I am so glad for this challenge. I have tried making the Dutch Crunch topping several times since I first enjoyed the bread last October when I was visiting my sister in California, but it's never come out right. I used recipes I found online, but it was only after reading the discussion on The Daring Bakers' forum that I found out the paste I was making all along was too runny. Thank you DBs! 
My heart goes out to all the Daring Bakers who found it difficult to find rice flour and had to make their own. Even then they did a wonderful job. See how they fared in the slideshow at The Daring Kitchen.
First batch (burnt) and second batch (pale)
Living in Malaysia, I didn't have that problem, but there were others. I left my first batch too long in the oven and it burnt. The second batch was a little pale and although my Dutch Crunch topping wasn't as vivid as I would have liked -- no tiger stripes or leopard spots or giraffe blotches :-( -- the crunch was certainly there. It tops off the soft and fluffy bread very well. I used some of the dough from the Hunger Games-inspired "fish bread”, which I posted on yesterday.
I had read somewhere that sesame oil is sometimes included in the mixture for the Dutch Crunch topping, so I added a few drops. The flavour was not intense, but I thought the aroma was rather nice.
My sandwich was made with tempeh, which I marinated overnight in a mixture comprising nine ingredients, not including salt and pepper. I can't say how much of each I put into the marinade because I simply adjusted the taste as I went along, and they are really random ingredientsbut I liked how it all turned out. I started with hoisin sauce. Then there was ginger paste, soya sauce, chillies in adobo sauce, chilli oil, Indonesian kecap manis, palm sugar, jalapeño sauce, and finally honey. The marinade went on rather thick, but the next day, most of it must have been absorbed into the tempeh because there was only a thin layer of it left on the slices. The tempeh was then pan-fried, and layered in the Dutch Crunch rolls with Japanese sandwich spread, lettuce and a caramelised pineapple ring.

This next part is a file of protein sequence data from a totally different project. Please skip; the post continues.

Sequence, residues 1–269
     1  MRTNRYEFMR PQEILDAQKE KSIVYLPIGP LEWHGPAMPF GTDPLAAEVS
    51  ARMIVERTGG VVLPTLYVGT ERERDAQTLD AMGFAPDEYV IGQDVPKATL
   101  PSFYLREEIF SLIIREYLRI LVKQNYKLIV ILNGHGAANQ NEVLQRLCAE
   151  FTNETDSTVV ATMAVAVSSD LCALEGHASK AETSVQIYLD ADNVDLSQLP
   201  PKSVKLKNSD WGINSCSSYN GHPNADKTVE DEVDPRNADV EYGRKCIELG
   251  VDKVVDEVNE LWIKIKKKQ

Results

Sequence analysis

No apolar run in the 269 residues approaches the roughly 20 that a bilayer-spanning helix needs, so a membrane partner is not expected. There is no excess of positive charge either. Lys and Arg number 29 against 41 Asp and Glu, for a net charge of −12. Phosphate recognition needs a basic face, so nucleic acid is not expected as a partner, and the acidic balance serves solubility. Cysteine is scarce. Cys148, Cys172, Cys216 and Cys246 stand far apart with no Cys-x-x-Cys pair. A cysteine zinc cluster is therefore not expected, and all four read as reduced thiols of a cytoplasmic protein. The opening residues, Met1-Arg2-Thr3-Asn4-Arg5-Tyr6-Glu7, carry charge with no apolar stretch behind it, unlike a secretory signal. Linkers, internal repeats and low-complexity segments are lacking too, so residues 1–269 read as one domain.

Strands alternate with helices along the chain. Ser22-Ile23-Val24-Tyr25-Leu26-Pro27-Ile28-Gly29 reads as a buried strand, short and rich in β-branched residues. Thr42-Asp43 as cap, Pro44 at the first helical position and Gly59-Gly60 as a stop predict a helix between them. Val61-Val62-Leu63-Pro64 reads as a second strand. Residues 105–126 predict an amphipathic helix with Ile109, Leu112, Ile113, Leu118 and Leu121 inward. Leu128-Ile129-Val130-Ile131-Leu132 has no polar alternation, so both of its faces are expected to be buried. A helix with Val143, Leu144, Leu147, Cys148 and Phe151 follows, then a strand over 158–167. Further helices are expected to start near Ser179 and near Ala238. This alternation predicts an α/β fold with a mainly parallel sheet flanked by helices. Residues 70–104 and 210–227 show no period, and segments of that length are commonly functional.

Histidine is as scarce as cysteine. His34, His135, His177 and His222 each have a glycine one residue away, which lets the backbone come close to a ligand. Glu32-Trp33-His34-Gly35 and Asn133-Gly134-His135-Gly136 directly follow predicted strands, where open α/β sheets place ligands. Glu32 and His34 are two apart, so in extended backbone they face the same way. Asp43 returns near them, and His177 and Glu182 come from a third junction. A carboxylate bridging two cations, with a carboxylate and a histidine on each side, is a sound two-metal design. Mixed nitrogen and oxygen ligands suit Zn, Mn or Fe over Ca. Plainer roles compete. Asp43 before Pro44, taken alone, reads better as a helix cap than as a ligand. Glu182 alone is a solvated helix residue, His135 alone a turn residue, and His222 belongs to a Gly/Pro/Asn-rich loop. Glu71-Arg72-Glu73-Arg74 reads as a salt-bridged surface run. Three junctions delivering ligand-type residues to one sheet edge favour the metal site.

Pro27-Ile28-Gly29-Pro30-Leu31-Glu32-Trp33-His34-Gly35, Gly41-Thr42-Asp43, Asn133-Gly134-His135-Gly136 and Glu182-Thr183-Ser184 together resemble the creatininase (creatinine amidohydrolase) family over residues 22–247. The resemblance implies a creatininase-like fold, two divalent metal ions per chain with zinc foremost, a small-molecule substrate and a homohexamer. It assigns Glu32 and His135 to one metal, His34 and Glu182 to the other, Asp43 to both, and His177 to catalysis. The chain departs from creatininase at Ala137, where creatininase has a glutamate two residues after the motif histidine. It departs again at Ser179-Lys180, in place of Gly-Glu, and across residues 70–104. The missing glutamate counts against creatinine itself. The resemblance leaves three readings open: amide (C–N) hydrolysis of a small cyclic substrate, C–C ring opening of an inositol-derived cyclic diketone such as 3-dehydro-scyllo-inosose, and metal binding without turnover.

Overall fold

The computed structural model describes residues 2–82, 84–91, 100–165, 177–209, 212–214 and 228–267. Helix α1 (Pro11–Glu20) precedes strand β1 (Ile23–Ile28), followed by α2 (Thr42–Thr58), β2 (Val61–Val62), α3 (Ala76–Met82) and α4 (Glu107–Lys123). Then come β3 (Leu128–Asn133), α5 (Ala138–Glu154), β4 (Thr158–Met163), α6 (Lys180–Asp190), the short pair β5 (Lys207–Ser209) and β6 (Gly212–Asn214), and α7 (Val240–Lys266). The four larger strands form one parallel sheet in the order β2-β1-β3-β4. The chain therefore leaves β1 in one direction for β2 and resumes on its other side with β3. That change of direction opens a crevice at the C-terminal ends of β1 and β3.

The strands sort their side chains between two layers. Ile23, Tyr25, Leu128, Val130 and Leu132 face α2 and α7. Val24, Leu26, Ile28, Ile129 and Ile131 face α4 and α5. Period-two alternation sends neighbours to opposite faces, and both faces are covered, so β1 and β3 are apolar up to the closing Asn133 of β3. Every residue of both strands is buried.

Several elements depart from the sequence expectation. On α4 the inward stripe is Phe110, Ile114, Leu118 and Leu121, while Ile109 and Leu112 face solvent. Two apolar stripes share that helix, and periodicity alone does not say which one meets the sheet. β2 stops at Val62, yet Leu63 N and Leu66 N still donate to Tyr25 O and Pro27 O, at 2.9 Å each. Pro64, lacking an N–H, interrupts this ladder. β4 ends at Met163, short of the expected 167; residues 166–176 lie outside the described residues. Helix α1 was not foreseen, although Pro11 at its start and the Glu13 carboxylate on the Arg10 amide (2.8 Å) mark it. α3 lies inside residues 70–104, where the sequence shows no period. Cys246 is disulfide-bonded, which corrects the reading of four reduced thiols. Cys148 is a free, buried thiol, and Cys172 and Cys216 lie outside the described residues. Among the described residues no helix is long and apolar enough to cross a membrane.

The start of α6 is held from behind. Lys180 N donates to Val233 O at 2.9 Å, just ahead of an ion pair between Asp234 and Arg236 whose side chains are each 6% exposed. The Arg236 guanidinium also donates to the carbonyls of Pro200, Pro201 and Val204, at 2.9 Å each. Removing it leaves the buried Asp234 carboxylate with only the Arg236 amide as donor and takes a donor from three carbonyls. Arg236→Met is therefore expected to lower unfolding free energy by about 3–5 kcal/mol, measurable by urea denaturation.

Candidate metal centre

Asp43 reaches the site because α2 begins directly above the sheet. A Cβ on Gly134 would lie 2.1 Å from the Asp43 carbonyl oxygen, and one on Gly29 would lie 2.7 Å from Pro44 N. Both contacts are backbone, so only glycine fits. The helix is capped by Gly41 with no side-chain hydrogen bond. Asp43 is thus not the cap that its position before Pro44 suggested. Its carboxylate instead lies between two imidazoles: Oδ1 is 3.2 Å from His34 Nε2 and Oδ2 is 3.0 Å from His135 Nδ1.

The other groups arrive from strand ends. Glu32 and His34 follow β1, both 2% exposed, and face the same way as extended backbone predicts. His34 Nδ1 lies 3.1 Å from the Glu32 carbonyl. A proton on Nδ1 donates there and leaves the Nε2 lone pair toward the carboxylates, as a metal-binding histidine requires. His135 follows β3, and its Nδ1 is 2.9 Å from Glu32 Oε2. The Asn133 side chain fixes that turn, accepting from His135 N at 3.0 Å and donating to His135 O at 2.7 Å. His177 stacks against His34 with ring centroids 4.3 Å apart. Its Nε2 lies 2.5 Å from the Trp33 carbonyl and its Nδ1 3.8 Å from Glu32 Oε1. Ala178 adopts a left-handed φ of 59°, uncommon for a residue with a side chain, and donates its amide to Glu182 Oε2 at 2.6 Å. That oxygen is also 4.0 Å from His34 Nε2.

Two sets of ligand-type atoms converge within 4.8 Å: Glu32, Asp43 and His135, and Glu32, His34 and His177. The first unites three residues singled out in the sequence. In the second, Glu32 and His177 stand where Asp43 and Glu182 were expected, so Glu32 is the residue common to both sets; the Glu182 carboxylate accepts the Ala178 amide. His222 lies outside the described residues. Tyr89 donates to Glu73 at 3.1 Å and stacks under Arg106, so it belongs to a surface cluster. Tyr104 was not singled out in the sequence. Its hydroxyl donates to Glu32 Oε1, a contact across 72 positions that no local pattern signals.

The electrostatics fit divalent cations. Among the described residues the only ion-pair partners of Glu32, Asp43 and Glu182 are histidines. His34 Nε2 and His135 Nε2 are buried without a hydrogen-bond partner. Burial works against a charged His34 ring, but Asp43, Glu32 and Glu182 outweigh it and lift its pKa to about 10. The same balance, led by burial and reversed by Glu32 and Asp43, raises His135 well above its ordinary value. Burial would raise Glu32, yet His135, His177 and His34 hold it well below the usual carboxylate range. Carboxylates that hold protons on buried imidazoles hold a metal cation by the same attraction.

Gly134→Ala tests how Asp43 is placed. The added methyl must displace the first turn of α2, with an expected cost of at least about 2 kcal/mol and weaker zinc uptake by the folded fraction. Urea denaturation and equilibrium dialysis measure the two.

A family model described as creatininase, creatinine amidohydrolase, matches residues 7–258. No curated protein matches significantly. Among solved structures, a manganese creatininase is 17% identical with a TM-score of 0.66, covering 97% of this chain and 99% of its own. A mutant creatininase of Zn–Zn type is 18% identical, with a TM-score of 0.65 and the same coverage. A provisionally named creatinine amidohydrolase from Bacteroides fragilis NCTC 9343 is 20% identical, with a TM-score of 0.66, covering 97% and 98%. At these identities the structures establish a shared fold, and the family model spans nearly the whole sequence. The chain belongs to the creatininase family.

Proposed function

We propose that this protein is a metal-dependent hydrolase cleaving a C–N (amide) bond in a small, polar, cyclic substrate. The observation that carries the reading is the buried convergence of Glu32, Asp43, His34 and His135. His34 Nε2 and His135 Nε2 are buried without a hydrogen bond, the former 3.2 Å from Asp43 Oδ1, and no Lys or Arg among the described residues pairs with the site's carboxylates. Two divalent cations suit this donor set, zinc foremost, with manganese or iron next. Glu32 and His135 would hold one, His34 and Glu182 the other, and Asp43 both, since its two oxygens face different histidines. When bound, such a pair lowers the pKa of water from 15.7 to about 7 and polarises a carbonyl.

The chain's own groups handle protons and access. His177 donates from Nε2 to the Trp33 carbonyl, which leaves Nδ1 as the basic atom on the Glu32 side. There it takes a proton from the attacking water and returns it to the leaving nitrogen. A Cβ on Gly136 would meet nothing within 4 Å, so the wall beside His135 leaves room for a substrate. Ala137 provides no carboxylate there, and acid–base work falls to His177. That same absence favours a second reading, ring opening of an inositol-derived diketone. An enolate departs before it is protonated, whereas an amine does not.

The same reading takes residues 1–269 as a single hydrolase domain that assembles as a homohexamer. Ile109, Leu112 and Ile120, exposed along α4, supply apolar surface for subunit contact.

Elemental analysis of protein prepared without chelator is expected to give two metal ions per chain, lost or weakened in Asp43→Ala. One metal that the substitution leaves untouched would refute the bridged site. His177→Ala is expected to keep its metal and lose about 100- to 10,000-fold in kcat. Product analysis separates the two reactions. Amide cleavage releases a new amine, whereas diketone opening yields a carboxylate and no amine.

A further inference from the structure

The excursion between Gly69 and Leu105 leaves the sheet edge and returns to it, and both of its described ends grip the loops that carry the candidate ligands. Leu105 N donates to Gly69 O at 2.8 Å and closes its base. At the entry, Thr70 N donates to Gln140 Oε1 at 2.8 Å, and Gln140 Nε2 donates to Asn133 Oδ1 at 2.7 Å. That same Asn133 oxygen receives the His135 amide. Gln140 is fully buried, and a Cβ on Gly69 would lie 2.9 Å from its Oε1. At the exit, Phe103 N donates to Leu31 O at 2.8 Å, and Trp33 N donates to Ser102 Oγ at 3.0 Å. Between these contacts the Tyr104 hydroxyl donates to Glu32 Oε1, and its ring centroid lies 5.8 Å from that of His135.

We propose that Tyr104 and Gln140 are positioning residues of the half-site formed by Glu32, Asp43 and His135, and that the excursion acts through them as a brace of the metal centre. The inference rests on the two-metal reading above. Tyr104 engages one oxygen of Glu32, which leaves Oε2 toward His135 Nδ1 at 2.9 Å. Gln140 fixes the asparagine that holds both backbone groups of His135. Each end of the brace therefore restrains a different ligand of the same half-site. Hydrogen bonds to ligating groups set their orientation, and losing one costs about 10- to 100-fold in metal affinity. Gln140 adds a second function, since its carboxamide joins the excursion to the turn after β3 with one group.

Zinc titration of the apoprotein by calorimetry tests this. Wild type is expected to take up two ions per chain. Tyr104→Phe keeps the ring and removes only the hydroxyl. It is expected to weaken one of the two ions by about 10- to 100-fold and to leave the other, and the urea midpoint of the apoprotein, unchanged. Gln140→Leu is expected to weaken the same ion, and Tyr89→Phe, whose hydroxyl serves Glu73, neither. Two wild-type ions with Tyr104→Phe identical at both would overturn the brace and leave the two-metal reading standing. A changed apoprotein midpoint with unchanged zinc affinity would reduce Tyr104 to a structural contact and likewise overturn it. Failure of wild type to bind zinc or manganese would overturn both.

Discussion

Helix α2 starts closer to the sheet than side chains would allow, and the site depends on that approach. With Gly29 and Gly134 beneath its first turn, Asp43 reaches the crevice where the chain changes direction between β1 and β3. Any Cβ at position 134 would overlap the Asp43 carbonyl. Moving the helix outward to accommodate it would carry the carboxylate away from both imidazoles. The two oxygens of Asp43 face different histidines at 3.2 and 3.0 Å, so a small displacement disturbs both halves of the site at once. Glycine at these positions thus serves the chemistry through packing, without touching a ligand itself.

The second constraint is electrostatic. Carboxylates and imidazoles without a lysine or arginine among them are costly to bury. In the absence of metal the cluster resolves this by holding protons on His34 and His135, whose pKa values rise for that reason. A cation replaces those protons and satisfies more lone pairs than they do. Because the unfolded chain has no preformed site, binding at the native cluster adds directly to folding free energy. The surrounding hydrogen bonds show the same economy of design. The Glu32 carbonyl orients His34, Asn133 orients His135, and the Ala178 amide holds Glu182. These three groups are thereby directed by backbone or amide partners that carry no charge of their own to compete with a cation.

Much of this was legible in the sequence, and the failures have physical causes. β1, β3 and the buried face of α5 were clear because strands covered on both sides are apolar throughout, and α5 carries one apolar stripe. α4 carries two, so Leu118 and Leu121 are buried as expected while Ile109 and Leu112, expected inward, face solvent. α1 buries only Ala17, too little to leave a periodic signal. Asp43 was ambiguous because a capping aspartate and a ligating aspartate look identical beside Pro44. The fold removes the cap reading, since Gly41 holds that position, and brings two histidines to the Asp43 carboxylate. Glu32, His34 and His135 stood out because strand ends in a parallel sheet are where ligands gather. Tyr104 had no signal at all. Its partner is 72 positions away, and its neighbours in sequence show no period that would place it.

What to top the spiced tempeh with but more chilli! 
The condiment was more chilli of course: jalapeño sauce and Sriracha chilli sauce with a little mayo. One can never have too much chilli. 

Hunger Games fish bread

Monday, March 26, 2012

In my job on the newspaper I work for, I sometimes source for stories on our newswire services. Today, we ran a story from San Jose Mercury News which featured recipes from readers who were asked to deconstruct signature dishes from the movie Hunger Games (based on Suzanne Collins' novel), which was released a few days ago. (Get the story and recipes for all the winning dishes at
I haven't read the book or watched the film, but I thought the recipes were quite interesting, especially since they featured several for breads.
I made the District 4's Salty Seaweed Panem. What's unusual about this bread, besides the fish shape, is that it is green from food dye and there's the inclusion of nori (dried seaweed). I only made one piece of dough green just to see what it would look like. Other than fruit and vegetables, I don't think I want any of my other food to be that colour. But it actually turned out okay since I didn't knead in the colouring completely, and the mottled look was quite appealing. Matcha (green tea) powder would be a good alternative to the artificial stuff. I was apprehensive about how the nori would taste, but I could hardly taste it in the baked loaf. The green specks are pretty though.